What caused the Thirty Years' War?

The Thirty Years' War (1618-1648) was fought mainly along religious divisions, Catholic and Protestant, and between the competing dynasties of Bourbon (France) and Hapsburg (including Spain). The main contest was for control of central Europe, mostly the kingdoms of Germany, Austria, and the Netherlands. This area had been the domain of the Holy Roman Empire for over 600 years. The war was succeeded by the Franco-Spanish War (1635-1659).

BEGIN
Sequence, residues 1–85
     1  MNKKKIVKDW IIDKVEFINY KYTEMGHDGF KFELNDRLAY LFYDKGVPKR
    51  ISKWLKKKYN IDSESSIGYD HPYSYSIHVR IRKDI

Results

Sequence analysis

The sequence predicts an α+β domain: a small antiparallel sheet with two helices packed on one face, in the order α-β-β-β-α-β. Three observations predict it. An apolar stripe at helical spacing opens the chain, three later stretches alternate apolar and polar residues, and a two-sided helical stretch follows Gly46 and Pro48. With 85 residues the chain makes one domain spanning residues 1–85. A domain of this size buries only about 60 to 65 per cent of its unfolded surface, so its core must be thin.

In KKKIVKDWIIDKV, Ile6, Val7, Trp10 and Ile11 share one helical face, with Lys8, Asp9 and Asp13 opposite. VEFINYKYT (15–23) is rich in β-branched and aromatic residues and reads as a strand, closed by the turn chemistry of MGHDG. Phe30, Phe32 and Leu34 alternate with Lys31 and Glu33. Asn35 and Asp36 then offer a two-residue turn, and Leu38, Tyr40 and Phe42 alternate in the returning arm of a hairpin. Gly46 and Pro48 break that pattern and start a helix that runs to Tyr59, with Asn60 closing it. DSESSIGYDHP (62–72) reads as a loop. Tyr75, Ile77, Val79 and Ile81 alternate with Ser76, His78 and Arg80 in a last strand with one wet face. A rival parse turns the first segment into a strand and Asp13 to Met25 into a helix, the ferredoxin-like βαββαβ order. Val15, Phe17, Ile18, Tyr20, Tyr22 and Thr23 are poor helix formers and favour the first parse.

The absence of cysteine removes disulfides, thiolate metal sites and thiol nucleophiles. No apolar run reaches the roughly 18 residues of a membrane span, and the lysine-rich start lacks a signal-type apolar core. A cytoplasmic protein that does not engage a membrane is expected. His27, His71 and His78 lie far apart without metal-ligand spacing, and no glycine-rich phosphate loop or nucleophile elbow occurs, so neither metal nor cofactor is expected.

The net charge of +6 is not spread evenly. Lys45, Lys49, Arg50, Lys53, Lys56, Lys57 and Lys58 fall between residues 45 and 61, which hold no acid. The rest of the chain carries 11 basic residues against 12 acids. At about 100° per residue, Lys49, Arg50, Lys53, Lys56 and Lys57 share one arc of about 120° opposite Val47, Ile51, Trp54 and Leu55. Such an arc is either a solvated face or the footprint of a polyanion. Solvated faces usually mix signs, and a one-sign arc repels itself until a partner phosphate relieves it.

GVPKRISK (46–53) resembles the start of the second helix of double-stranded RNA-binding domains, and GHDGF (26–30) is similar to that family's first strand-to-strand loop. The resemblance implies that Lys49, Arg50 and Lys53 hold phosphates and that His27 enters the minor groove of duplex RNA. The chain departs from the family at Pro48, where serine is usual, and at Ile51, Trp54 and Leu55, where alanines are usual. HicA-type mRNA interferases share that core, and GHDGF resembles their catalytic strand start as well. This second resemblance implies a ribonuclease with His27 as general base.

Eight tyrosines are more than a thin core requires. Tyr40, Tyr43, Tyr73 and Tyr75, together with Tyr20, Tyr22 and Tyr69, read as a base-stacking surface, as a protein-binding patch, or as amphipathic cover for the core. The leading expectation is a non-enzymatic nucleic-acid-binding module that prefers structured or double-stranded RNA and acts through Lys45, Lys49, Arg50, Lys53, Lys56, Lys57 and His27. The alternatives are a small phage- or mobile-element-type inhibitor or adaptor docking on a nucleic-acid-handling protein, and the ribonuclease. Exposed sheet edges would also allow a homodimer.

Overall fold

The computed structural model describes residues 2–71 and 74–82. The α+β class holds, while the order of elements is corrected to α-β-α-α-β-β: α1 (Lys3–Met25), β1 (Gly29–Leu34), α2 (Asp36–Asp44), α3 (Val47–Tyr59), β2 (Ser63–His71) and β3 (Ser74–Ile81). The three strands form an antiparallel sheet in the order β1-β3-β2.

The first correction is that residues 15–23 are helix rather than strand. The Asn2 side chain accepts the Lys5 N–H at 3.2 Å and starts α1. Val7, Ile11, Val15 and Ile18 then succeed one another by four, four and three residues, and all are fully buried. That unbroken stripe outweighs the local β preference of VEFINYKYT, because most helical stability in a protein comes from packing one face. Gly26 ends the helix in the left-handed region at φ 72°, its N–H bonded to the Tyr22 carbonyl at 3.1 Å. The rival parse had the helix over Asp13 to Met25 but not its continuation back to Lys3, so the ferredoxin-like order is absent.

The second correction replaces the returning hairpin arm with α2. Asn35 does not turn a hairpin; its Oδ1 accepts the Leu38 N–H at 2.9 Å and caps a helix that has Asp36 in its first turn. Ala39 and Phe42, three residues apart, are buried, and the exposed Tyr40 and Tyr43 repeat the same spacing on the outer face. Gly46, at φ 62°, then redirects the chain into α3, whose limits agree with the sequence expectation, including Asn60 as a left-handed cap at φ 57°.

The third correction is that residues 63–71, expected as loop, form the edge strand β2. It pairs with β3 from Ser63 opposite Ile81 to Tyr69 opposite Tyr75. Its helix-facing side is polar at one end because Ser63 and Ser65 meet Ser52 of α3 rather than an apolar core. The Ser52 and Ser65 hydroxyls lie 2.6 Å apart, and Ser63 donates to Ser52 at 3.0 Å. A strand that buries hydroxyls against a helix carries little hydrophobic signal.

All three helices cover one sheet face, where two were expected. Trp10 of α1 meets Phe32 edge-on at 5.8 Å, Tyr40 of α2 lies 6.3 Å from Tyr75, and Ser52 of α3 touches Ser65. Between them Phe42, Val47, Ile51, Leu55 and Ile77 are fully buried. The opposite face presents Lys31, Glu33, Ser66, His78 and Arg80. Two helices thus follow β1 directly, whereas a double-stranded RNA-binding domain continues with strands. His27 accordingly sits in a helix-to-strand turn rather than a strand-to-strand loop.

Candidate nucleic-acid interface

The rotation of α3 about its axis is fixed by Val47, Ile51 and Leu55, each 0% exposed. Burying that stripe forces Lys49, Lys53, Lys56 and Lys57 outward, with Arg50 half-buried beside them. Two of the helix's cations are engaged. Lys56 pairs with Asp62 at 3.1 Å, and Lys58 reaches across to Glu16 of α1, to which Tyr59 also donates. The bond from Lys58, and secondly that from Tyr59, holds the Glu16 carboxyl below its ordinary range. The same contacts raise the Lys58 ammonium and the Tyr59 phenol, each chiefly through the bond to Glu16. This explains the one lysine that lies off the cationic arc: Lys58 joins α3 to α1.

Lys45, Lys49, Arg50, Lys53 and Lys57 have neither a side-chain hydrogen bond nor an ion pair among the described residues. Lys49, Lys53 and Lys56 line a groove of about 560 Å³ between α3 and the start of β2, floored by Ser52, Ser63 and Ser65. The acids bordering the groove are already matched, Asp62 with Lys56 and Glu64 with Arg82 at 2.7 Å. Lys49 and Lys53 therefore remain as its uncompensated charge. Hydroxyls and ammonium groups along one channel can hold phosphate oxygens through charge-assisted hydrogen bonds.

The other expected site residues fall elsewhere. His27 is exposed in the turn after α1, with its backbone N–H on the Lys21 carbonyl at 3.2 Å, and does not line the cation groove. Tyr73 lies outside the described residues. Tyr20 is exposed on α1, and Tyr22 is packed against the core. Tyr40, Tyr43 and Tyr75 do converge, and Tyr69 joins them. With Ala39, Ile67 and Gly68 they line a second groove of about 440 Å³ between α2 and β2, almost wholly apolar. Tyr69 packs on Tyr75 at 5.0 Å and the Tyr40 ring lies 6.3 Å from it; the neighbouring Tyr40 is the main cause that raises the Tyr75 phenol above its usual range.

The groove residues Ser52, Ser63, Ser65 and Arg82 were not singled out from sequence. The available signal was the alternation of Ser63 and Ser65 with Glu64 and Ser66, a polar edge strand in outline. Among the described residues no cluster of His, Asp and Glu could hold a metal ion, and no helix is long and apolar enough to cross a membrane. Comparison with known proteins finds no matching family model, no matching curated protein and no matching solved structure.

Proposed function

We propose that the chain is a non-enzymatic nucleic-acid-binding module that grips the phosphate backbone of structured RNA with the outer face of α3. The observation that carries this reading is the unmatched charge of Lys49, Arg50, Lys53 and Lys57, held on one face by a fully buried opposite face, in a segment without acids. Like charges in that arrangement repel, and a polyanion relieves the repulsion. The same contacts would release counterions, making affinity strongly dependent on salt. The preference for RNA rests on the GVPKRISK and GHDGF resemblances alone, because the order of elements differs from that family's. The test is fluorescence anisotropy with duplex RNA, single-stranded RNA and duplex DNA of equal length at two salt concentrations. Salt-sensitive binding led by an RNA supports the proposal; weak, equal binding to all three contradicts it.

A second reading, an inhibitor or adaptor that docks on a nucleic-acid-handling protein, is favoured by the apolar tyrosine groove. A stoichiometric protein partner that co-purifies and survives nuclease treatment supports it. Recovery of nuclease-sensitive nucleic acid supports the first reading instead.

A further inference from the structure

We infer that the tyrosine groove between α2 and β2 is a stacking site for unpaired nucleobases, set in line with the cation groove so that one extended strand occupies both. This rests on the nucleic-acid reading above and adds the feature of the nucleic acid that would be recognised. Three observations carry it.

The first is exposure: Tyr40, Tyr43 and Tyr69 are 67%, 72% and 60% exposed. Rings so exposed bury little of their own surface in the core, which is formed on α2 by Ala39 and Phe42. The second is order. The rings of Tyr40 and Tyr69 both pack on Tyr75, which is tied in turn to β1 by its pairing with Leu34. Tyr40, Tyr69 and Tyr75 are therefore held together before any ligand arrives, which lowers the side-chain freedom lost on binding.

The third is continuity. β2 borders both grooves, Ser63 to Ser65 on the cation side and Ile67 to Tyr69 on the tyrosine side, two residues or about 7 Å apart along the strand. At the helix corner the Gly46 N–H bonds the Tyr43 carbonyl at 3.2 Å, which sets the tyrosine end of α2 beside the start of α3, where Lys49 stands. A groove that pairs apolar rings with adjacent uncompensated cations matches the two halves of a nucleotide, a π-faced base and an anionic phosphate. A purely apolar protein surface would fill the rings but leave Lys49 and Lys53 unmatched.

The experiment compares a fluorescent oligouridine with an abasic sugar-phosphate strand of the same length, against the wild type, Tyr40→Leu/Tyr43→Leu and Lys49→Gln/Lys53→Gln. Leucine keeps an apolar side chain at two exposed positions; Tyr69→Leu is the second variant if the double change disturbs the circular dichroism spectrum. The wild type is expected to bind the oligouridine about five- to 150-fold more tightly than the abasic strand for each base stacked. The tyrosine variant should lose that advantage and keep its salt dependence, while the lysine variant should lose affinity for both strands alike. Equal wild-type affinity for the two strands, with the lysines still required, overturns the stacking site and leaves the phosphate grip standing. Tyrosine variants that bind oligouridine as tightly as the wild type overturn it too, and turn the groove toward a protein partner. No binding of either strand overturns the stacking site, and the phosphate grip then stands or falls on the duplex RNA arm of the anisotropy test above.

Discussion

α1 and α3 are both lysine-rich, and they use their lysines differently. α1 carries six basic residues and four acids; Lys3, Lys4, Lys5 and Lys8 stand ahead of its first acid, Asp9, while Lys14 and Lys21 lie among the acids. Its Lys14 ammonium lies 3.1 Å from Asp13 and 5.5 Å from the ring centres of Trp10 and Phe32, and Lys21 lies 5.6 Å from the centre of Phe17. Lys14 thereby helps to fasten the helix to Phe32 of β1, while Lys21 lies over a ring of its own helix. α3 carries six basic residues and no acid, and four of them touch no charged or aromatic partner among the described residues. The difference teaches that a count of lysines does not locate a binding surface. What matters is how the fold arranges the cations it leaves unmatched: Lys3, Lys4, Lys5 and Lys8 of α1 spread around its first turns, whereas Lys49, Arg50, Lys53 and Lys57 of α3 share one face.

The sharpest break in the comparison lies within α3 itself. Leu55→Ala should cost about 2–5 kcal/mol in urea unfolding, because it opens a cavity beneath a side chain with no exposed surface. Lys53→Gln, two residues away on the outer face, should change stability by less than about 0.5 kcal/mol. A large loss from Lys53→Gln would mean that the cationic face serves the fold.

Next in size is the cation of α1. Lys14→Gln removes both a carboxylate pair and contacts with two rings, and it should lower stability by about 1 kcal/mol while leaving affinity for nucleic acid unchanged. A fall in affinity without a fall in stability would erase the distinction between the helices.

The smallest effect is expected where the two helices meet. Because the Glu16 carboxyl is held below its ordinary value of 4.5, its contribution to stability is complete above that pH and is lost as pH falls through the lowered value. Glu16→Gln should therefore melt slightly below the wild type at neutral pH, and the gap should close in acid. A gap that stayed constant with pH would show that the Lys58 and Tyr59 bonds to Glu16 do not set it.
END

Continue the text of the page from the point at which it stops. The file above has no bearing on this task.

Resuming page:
One trigger of the war, the Bohemian Revolt, began with an event known as the (second) Defenestration of Prague. Catholic officials were mobbed by Protestants and hurled from an upper-story window in the city of Prague. The Catholics survived unharmed, and there are two versions as to why. The Catholic version is that God intervened and saved them. The Protestant version is that they landed in a heaping pile of garbage which broke their fall.